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X10 Video/Audio Distribution quality  

post #1 of 12
Thread Starter 
I just recently received X10's Entertainment Anywhere (also goes under the name DVD Anywhere, etc). http://www.x10.com/products/x10_vk57a.htm

Basically, it sends composite video and stereo audio via 2.4GHz through walls and such. I only need to send it about 20 feet, but through 2 walls.

The problem is, the video quality really stinks. Even when the sender and receiver are close to each other, I get ghosting in areas of high contrast, making things like The Simpsons (and the menus on my TiVo) look very fuzzy. Anybody know what would cause this type of ghosting (input signal not strong enough, too strong, etc)? Is there any type of filter or amplifier I could stick on either end to improve the audio quality? The unit cost me next to nothing ($20 off the regular $70 price, plus an extra $30 gift certificate that I used on an IR extender). So if I'd return it, I'd only get $20 back, minus whatever I'd have to spend on shipping. So I'm looking to improve the quality, or perhaps just use it for audio. The audio quality seems to be fine, though I have to admit I haven't really cranked it.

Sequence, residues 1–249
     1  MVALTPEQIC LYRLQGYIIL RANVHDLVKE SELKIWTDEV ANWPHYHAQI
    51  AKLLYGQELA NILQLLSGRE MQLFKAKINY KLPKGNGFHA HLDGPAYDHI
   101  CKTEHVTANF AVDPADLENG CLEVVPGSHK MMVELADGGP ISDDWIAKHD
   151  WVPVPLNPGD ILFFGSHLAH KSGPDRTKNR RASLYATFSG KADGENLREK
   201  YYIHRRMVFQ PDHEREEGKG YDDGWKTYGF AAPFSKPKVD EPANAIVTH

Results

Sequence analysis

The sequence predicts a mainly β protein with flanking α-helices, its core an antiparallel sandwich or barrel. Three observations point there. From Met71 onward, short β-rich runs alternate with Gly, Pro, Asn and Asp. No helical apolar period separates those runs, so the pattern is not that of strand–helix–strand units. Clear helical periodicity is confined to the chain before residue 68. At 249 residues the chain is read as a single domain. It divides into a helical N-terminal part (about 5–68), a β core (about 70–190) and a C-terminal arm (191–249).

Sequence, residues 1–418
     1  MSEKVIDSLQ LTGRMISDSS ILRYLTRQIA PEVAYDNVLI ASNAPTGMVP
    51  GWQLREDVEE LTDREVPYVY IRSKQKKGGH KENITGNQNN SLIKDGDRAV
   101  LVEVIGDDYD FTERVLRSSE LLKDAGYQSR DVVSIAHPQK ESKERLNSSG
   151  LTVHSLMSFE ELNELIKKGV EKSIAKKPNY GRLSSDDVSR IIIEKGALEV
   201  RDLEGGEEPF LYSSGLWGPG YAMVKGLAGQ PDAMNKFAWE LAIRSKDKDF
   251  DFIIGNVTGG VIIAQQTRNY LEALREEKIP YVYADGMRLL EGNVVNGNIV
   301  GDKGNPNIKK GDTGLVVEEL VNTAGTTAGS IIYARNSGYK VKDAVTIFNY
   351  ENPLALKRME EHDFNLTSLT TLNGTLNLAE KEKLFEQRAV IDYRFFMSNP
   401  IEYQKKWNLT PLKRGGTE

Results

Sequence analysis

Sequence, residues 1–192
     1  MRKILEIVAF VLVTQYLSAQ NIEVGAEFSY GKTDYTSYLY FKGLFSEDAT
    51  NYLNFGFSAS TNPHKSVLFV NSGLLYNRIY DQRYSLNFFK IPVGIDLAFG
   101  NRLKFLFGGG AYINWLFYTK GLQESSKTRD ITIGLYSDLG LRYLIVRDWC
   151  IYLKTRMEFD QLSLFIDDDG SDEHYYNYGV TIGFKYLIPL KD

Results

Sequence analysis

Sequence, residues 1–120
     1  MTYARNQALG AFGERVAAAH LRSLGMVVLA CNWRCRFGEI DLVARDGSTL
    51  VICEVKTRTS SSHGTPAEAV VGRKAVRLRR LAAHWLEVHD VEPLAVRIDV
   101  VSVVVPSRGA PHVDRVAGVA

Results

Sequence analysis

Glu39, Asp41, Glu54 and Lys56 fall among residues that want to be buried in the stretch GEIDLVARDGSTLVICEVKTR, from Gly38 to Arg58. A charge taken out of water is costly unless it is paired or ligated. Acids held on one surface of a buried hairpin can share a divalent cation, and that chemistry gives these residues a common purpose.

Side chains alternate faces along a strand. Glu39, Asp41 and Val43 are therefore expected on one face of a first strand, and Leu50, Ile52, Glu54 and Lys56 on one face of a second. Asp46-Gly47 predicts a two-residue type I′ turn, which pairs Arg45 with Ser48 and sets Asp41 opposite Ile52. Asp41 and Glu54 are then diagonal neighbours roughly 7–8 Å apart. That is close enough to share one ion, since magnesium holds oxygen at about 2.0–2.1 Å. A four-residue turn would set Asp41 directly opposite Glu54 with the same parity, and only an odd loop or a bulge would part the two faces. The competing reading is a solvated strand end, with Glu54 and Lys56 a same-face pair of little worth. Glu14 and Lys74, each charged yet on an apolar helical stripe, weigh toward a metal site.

The Cat5 s-video distribution thread here reminded me that I have 2 pairs of Cat5 running between the two rooms not being used (the other 2 pairs are being used for 10-baseT). Perhaps I could just split those two pairs off and run the video via Cat5. Is there any problem with splitting S-Video (not using an expensive amp or anything)?
post #2 of 12